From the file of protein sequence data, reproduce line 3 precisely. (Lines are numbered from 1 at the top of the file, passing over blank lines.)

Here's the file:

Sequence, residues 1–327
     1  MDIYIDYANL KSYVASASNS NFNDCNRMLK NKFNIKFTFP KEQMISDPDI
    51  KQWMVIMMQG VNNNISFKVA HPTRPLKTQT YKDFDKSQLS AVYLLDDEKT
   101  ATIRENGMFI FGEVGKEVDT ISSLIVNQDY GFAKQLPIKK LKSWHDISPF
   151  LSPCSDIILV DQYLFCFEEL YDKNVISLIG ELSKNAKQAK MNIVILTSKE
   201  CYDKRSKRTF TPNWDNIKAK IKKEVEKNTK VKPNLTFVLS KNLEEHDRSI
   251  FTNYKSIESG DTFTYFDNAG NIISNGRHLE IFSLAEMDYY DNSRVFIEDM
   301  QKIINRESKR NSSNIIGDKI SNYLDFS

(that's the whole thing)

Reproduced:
    51  KQWMVIMMQG VNNNISFKVA HPTRPLKTQT YKDFDKSQLS AVYLLDDEKT